As part of their continued effort to assist contractors with their compliance obligations, the OFCCP announced on September 11, 2018 a proposed Directive that will reduce the burden for those who are developing or wish to develop Functional Affirmation Action Plans (FAAPs). The proposed directive is now available for review and public comments thru November 13, 2018.
What is a FAAP?
Supply and service contractors may choose to develop Affirmative Action Programs (AAPs) based on their locations or establishments (41 CFR 60-2.1[b]) or based on the organization's business units or functions (41 CFR 60-2.1[d]). For some contractors, having function-based AAPs makes more sense, especially if each business unit within the organization truly functions independently from the rest. While location or establishment-based AAPs are horizontal in nature and can include employees across different business units, function-based AAPs are vertical in nature and include employees within the same business or functional unit with a determined "head," such as VP of Marketing or Manufacturing, an EVP for Business Technology, etc. Consequently, FAAP analytics are better aligned with each functional unit and, ultimately, with those who have "ownership" of the individuals within that unit.
According to the OFCCP, there are only seventy-one (71) current FAAP agreements, and an estimated two (2) agreements are terminated each year. If developing FAAPs makes more sense in the contractor's effective implementation of their affirmative action programs, why then aren't more contractors developing FAAPs? There are three (3) primary reasons: 1) not all organizations have large enough business units to justify the development of function-based AAPs, 2) the requirements for developing and maintaining FAAPs are too burdensome for contractors, and 3) aggregating all employees/transactions into fewer AAPs (typically an organization will have far fewer FAAPs than they will establishment-based AAPs), by definition, will increase the number of employees per plan and with it, legal exposure.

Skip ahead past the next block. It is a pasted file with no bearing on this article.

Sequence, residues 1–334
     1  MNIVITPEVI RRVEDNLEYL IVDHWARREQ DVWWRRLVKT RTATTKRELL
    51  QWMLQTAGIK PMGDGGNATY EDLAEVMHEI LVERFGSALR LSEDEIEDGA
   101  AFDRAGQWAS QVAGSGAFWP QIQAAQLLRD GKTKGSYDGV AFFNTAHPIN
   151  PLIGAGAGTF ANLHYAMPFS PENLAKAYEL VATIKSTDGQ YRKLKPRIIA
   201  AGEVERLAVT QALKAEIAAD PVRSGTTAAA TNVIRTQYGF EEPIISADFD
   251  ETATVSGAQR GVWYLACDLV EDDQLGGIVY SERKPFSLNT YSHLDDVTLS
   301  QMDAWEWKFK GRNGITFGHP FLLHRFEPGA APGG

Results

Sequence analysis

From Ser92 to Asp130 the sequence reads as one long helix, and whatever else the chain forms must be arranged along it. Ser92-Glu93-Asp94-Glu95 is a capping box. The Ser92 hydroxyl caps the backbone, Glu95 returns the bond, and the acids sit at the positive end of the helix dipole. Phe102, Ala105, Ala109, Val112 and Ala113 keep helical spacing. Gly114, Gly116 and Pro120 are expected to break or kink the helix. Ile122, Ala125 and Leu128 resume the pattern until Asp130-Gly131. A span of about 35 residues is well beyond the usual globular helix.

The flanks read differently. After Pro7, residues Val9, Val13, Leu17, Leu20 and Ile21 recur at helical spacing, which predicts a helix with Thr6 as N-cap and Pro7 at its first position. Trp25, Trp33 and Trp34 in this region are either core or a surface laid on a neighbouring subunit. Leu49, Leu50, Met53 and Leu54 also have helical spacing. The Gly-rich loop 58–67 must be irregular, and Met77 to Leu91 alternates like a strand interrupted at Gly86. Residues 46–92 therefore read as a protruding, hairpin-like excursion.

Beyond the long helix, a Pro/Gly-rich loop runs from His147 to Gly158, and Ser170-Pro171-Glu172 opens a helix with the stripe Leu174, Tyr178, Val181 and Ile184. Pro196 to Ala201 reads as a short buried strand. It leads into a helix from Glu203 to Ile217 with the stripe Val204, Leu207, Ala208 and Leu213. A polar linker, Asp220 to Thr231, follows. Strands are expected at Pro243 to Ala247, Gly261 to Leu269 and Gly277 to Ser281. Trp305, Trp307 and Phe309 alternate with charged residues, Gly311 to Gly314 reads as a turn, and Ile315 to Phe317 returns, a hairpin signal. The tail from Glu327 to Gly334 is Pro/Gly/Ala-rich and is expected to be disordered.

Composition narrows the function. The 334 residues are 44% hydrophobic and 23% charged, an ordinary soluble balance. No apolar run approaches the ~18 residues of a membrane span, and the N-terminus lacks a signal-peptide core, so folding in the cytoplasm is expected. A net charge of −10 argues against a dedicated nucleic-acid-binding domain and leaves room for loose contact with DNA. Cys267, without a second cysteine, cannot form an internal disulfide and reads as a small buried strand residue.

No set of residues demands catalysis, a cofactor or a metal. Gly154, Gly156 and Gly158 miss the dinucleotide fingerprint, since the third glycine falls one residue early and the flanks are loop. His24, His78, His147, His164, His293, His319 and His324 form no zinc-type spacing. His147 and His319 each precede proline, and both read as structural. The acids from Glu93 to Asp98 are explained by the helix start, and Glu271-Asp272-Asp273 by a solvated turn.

Not much that can be done about the first reason – slicing the workforce too thin results in useless AAP analytics, and the number of employees within a given business unit is directly related to the size of the organization and the number of different "functions." It is for this reason that we typically see FAAPs being used by medium-to-large contractors.
As for the overly burdensome requirements; there is plenty of room for improvements here. When one considers the additional effort required to develop FAAPs, it is easy to see that those can easily outweigh the benefits that the contractor might derive from better aligned FAAP analyses.